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On the New Power Elite Shaping the New World Order

By : Ziad K. Abdelnour| 9 July 2010
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There is a new and unique development in human history that is taking place around the world today. It is unprecedented in reach and volume, and it is also the greatest threat to all global power structures: the ‘global political awakening.’ The term was coined by Zbigniew Brzezinski, and refers to the fact that, as Brzezinski wrote:

“For the first time in history it seems almost all of humanity is politically activated, politically conscious and politically interactive. Global activism is generating a surge in the quest for cultural respect and economic opportunity in a world scarred by memories of colonial or imperial domination”.

There are indeed only a few pockets of humanity left in the remotest corners of the world that are not politically alert and engaged with the political turmoil and stirrings that are so widespread today around the world. The resulting global political activism is generating a surge in the quest for personal dignity, cultural respect and economic opportunity.

We at Blackhawk believe that the central challenge of our time will be posed not by global terrorism, but rather by the intensifying turbulence caused by the phenomenon of global political awakening. That awakening is socially massive and politically radicalizing.

It is no overstatement to assert that in today’s day and age the population of much of the developing world is politically stirring and in many places seething with unrest. It is a population acutely conscious of social injustice to an unprecedented degree, and often resentful of its perceived lack of political dignity. The nearly universal access to radio, television and increasingly the Internet is creating a community of shared perceptions and envy that can be galvanized and channeled by demagogic political or religious passions. These energies transcend sovereign borders and pose a challenge both to existing states as well as to the existing global hierarchy, on top of which America still perches.

The youth of the Third World are particularly restless and resentful. The demographic revolution they embody is a political time-bomb as well. With the exception of Europe, Japan and America, the rapidly expanding demographic bulge in the 25-year-old-and-under age bracket is creating a huge mass of impatient young people. Their minds have been stirred by sounds and images that emanate from afar and which intensify their disaffection with what is at hand.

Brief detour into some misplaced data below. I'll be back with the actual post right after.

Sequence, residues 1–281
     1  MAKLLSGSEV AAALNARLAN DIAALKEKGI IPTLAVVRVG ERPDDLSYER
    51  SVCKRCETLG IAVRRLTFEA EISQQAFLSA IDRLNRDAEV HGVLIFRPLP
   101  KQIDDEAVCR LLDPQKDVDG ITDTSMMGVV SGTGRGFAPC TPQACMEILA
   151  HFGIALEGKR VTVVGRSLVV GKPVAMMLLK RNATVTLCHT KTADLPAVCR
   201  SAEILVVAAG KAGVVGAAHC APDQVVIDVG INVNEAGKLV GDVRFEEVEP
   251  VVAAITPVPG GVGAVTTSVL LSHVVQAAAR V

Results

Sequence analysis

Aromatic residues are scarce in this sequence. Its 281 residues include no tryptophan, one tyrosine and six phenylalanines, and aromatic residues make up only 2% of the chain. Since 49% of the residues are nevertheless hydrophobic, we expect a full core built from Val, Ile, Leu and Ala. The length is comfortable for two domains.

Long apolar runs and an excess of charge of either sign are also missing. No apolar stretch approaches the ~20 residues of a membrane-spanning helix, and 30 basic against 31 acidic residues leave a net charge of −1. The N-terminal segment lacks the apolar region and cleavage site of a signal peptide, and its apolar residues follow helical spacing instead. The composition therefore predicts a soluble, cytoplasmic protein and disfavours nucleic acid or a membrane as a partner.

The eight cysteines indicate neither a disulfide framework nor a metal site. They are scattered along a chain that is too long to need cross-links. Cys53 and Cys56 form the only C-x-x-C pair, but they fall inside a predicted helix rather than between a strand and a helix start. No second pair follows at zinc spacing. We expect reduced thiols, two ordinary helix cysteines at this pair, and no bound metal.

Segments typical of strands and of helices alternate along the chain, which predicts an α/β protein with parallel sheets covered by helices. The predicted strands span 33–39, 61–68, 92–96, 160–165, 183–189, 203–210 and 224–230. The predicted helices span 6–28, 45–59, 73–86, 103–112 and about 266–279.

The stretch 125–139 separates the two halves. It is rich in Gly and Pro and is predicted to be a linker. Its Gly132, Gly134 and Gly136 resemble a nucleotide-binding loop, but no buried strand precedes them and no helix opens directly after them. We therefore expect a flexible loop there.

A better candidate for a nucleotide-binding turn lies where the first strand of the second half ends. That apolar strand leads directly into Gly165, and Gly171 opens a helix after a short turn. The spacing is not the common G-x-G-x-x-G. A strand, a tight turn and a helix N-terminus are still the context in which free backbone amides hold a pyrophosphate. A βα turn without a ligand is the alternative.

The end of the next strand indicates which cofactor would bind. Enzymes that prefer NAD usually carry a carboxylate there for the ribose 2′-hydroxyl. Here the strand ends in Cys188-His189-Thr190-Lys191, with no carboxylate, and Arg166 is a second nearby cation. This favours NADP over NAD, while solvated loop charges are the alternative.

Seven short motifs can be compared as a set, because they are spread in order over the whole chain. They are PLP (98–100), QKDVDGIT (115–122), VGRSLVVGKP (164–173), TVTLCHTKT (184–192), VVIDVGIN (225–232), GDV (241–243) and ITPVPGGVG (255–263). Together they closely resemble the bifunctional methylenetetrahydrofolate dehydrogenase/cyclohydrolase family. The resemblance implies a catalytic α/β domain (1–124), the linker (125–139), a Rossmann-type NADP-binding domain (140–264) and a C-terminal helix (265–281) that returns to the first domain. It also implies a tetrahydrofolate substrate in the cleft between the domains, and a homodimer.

Their potential revolutionary spearhead is likely to emerge from among the scores of millions of students concentrated in the often intellectually dubious “tertiary level” educational institutions of developing countries. Depending on the definition of the tertiary educational level, there are currently worldwide between 80 and 130 million “college” students. Typically originating from the socially insecure lower middle class and inflamed by a sense of social outrage, these millions of students are revolutionaries-in-waiting, already semi-mobilized in large congregations, connected by the Internet and pre-positioned for a replay on a larger scale of what transpired years earlier in Mexico City, Tiananmen Square or as recently as last year in Teheran. Their physical energy and emotional frustration is just waiting to be triggered by a cause, or a faith, or a hatred.

Politically awakened mankind craves political dignity, which democracy can enhance, but political dignity also encompasses ethnic or national self-determination, religious self-definition, and human and social rights, all in a world now acutely aware of economic, racial and ethnic inequities. The quest for political dignity, especially through national self-determination and social transformation, is part of the pulse of self-assertion by the world’s underprivileged.

The misdiagnosis of our foreign policy pertains to a relatively vague, excessively abstract, highly emotional, semi-theological definition of the chief menace that we face today in the world, and the consequent slighting of what we at Blackhawk view as the unprecedented global challenge arising out of the unique phenomenon of a truly massive global political awakening of mankind.

I am afraid we live in an age in which mankind writ large is becoming politically conscious and politically activated to an unprecedented degree, and it is this condition which is producing a great deal of international turmoil.

It is a fact that today’s elites are actually terrified of the mass political awakening which is occurring worldwide.

If we wake up fast enough, we can reclaim our power and dignity, and shake off those who would steal everything we have, including our money, opportunity and freedom.

America needs indeed to face squarely a centrally important new global reality: that the world’s population is experiencing a political awakening unprecedented in scope and intensity, with the result that the politics of populism are transforming the politics of power.

The need to respond to that massive phenomenon poses to our uniquely sovereign America an historic dilemma: What should the central definition of our global role be?

Your feedback as always is greatly appreciated.

Thanks much for your consideration.

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